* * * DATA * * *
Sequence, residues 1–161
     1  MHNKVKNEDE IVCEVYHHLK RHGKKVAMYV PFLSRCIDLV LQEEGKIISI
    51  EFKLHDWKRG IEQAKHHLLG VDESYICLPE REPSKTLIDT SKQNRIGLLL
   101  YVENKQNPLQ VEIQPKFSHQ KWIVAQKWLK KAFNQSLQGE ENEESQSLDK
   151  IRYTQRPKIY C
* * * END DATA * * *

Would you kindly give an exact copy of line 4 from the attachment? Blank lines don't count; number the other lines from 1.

   101  YVENKQNPLQ VEIQPKFSHQ KWIVAQKWLK KAFNQSLQGE ENEESQSLDK